Those are no small considerations for a busy HR department responsible for maintaining a high-flow pipeline of contractor talent. Any company that relies on a regular influx of specialized or project labor should strongly consider the downside of  a classification error – and the risk mitigation provided by working with a hiring agency or a talent cloud such as PeopleCaddie.

In a co-employment relationship where an employer hires independent contractors through a third-party employer, misclassification risks are dramatically reduced. Not only is the third party often better equipped to assess new hires under the classification laws, but as the employer of record, they are also responsible for ensuring compliance with all federal, state and local employment laws. A hiring department that uses a service such as PeopleCaddie can focus on the quality and fit of contractor candidates rather than the red tape typically involved in the hiring process.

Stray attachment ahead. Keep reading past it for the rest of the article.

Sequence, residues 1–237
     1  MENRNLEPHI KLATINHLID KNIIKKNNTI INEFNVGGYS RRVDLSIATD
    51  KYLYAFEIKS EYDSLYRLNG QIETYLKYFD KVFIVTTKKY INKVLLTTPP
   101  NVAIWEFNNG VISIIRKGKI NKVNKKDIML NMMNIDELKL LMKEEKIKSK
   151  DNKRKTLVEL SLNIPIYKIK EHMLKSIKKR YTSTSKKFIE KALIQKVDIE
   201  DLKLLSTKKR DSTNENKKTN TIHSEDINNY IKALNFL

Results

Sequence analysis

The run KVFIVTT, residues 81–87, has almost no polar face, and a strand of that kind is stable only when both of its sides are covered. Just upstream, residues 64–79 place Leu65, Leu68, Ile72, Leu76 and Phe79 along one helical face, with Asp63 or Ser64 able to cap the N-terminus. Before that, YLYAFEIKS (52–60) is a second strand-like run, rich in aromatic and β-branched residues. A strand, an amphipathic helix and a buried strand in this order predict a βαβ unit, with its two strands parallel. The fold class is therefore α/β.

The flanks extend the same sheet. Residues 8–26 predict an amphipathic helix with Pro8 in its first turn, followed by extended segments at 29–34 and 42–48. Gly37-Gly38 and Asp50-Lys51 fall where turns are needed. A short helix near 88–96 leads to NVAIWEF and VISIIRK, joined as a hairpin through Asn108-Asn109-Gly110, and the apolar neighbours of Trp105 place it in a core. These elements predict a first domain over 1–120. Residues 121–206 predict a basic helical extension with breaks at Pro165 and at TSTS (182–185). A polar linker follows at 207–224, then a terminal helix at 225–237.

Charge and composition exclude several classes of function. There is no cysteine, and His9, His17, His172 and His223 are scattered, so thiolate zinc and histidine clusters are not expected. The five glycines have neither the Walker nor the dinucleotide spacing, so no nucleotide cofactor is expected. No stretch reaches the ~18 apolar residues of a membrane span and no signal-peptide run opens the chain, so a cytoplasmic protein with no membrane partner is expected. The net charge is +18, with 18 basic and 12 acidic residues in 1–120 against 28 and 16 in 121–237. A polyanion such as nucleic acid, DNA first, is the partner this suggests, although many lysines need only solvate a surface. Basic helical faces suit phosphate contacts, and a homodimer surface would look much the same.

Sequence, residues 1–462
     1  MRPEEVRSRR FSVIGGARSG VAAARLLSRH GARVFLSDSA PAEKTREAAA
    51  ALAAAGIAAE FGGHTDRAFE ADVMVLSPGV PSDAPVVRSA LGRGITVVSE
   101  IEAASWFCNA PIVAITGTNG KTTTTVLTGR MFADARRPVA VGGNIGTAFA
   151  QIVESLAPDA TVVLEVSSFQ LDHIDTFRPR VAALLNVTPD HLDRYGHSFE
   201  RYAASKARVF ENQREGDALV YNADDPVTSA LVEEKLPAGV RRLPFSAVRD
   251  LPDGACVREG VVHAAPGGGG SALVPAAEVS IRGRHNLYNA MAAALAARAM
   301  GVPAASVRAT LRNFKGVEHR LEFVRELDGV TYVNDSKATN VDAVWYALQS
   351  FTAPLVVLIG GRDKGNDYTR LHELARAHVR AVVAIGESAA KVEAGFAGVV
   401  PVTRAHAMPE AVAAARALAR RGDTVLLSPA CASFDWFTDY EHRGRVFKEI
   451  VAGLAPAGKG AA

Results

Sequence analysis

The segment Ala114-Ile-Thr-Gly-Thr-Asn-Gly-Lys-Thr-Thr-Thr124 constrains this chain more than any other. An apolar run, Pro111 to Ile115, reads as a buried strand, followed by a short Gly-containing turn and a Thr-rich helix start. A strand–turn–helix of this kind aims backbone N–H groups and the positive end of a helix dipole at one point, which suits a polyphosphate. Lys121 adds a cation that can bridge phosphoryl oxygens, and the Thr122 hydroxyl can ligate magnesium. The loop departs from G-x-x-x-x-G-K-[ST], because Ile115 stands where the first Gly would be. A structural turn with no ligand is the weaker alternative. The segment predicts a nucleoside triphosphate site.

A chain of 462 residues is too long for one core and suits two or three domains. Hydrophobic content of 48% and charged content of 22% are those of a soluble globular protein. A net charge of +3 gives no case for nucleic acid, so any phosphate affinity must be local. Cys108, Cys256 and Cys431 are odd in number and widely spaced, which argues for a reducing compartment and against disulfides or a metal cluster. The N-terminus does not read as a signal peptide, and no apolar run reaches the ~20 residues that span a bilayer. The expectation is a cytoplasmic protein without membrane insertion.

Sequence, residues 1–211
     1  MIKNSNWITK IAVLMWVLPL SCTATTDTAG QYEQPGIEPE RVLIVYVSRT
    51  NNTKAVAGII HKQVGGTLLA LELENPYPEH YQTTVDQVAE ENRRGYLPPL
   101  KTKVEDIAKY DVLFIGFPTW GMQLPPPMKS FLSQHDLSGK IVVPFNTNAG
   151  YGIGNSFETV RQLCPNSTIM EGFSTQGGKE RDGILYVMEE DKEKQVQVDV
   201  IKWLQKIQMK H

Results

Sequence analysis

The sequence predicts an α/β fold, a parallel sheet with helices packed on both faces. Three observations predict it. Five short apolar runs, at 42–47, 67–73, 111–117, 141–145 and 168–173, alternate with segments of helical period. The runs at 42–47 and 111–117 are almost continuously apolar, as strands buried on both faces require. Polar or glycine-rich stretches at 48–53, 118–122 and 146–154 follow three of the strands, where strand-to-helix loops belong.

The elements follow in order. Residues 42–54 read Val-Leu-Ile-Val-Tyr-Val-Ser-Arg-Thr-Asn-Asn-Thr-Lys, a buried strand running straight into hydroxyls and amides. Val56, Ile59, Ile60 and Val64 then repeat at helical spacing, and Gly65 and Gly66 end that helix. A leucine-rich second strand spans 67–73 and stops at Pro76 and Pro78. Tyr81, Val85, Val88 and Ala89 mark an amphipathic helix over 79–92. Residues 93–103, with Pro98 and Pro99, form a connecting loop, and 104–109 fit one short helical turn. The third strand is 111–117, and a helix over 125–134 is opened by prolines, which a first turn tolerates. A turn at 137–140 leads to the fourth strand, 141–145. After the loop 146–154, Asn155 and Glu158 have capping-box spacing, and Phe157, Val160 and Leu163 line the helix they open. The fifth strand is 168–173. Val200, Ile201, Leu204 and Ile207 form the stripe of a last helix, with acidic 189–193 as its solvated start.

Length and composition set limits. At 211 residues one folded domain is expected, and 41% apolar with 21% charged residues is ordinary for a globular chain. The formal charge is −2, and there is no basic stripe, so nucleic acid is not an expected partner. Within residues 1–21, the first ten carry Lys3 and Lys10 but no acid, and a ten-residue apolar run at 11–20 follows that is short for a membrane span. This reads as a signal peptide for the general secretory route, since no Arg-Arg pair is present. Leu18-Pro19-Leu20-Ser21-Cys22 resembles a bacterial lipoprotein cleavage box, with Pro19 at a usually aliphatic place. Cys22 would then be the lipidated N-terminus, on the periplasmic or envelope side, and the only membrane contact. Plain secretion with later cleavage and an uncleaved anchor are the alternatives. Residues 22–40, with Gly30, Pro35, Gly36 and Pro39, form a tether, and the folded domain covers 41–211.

A co-employment relationship with a third-party hiring agency not only offers numerous advantages in terms of finding and evaluating freelance talent – it has the added benefit of mitigating the risk of contractor misclassification. With the right co-employment partner, you can make the hiring process simpler, sidestep any confusion about W-2 and 1099 designations and avoid putting your company’s financials – and your own reputation – on the line.

Interest to learn more about how PeopleCaddie can help mitigate misclassification risk? Contact us!

sgruenMitigating Co-Employment, Misclassification Risk for Independent Contractors

How Contractors Can Get Paid Every Two Weeks